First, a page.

The first step to overcome performance anxiety is to practice. Feel confident that you are fully prepared for your performance. You practiced your pieces and you know the tricky movements. You’re ready to take the stage and give your best performance. 

2. Recognize the Symptoms of Performance Anxiety 

There are physical and psychological symptoms associated with performance anxiety. 

You might feel “butterflies in your stomach,” shallow, rapid breathing, or tense muscles. Or you might experience racing thoughts, or an inability to focus and concentrate. 

Consider learning mindfulness techniques. Mindfulness is the ability to know what you are thinking or feeling at any given moment. Learn to scan your body and identify when you’re feeling confident and relaxed or when you’re anxious.

Ask yourself, “What am I thinking at this moment?” “How am I feeling right now?” and put your emotions into words. By practicing mindfulness techniques, you will be more focused and centred. You can use these techniques anytime you are anxious. 

3. Stop and Take a Breath 

Deep, slow, rhythmic breathing is the easiest way to overcome performance anxiety. Before every performance, or anytime you’re feeling rushed and out of control, take a few moments to breathe. Inhale through your nose, and exhale through your mouth. When exhaling, try to push your belly button towards your spine. This empties your lungs and helps you take a full breath. 

Deep breathing slows your heart rate, increases your blood oxygen levels, and relaxes your muscles. This also relaxes your mental state. 

Consider making deep breathing part of every practice and pre-performance ritual. 

It Is This Simple 

These techniques can help you relieve your performance anxiety. If they are not working, or you’re experiencing severe symptoms, consider speaking to your doctor or health care professional. 


Remember these tips the next time you’re feeling anxious before or during a performance:

  • Practice. Master your pieces to the best of your ability
  • Tell yourself you are fully prepared for your performance 
  • Learn to recognize the symptoms and feelings of anxiety
  • Practice deep breathing to relax mentally and physically

Contact Brady Arts Academy today to discuss your musical education. Our dedicated instructors can help you perfect your musical abilities. 

Written by: Nicole Holas

Music Education and Social-Emotional Learning

Our world is full of challenges. We worry about our health, our families, and money. 

Music education teaches leadership, self-expression, and creativity. Practising music is a rewarding, fulfilling pastime that builds self-confidence. Don’t make it into another worry.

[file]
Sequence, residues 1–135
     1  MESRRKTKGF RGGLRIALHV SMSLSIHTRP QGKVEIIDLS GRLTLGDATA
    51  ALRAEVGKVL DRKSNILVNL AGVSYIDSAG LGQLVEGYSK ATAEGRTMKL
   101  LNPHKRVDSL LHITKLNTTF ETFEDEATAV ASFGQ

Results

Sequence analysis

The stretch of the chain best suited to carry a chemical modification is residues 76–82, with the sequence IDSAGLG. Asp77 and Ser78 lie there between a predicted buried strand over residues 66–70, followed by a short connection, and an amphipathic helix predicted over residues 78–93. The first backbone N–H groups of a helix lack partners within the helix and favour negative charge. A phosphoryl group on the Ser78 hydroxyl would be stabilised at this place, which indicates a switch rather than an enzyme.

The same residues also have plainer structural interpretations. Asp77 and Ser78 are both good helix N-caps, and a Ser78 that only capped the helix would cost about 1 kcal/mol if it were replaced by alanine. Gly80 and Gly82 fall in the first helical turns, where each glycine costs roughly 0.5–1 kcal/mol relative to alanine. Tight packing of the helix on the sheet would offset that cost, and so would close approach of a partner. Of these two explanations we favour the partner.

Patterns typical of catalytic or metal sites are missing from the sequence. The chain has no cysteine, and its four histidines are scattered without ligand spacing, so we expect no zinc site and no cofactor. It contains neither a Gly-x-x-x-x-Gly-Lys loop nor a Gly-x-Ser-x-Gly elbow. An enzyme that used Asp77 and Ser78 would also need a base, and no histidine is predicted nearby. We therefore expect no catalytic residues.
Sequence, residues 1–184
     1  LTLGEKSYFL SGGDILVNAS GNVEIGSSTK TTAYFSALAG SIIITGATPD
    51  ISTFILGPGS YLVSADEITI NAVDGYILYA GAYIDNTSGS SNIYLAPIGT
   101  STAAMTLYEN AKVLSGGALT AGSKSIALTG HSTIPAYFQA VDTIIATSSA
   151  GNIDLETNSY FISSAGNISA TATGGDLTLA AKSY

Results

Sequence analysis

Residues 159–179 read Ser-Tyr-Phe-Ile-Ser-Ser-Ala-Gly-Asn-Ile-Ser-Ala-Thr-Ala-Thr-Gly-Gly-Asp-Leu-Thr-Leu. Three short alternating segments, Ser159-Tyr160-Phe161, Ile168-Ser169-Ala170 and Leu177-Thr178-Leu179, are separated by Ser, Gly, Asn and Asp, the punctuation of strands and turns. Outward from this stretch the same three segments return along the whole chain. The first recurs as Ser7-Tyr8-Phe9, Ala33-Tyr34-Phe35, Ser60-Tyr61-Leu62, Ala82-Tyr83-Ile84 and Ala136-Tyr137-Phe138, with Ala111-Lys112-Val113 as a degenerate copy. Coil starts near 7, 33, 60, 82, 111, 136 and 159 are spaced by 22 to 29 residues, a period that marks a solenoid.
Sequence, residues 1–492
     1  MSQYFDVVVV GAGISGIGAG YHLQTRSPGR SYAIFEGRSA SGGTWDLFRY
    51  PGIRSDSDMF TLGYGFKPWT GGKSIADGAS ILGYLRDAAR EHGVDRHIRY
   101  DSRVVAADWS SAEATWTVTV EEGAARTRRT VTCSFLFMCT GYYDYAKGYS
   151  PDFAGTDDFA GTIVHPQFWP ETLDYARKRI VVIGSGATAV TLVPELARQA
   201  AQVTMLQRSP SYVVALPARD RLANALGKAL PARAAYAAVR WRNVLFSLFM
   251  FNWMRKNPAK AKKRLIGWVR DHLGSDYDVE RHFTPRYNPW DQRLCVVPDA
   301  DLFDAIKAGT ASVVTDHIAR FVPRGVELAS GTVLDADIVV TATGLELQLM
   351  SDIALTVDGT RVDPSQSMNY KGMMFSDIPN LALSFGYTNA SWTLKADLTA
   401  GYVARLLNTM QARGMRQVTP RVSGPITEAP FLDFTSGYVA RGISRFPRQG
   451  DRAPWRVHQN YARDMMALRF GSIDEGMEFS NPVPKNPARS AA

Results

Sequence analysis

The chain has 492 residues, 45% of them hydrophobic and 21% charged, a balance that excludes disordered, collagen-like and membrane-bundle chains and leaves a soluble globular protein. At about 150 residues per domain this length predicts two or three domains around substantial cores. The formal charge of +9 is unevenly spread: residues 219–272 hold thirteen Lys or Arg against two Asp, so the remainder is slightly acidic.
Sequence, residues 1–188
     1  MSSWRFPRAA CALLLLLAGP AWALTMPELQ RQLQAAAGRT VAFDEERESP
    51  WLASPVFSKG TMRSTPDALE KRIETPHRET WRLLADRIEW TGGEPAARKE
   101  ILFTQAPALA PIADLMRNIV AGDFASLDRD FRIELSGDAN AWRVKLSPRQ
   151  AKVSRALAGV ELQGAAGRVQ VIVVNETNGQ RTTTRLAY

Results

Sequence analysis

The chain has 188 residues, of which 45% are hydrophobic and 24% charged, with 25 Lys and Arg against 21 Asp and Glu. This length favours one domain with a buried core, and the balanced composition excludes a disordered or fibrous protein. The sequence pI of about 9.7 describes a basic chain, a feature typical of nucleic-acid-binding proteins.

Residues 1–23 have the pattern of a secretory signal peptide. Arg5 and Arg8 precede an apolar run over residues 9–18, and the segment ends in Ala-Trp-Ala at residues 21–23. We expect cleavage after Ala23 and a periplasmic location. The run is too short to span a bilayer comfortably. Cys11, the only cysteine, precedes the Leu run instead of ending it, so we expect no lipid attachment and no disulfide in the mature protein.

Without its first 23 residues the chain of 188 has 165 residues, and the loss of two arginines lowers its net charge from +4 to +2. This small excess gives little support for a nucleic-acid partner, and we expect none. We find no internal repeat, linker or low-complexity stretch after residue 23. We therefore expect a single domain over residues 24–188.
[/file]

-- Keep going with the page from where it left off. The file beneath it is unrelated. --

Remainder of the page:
Incorporating Social Emotional Learning (SEL) into your musical education is one way to deal with your worries. SEL helps you become more self and socially-aware. Adding reflection from SEL to your practice time helps you make responsible decisions. 

SEL and Music 

You can develop SEL skills by: 

  • Setting your own musical goals.
  • Working out your problems individually or with your fellow band members if you play in a group. 
  • Examining your performance anxiety. What is holding you back from being your best?
  • Studying the history of music, especially how it affected social change

Your music will improve as your emotional awareness improves. Use these techniques to incorporate SEL into your music education. Discuss your answers with your music teacher:

  • “Fist to Five” — Use this technique to rate your late performance, measure, etc. Using one hand, make a fist to illustrate something that did work. Then use your fingers and thumb to illustrate five things you did perfectly. 
  • Emotional Vocabulary Building — Use an Emotions Wheel to find the correct expressive word to describe your emotions. Instead of using “fine” to describe your playing, say, “I feel confident.” A poster of facial expressions can help younger musicians describe their emotions. 
Photo Credit: Instagram
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  • SEL-Based Questions — Become more reflective about your motivation and self-awareness by asking yourself these questions during a music lesson or practice:
    • “What is my one musical goal this week?”
    • “What are my musical strengths and challenges?”
    • “How do I respond to constructive criticism?”

Music education helps us learn dedication, perseverance, and cooperation skills. SEL skills affect every aspect of our lives, both inside and outside of music. They help us confront our challenges with strength and skill. 

Contact the Brady Arts Academy today to discuss the benefits of music education.

Written by: Nicole Holas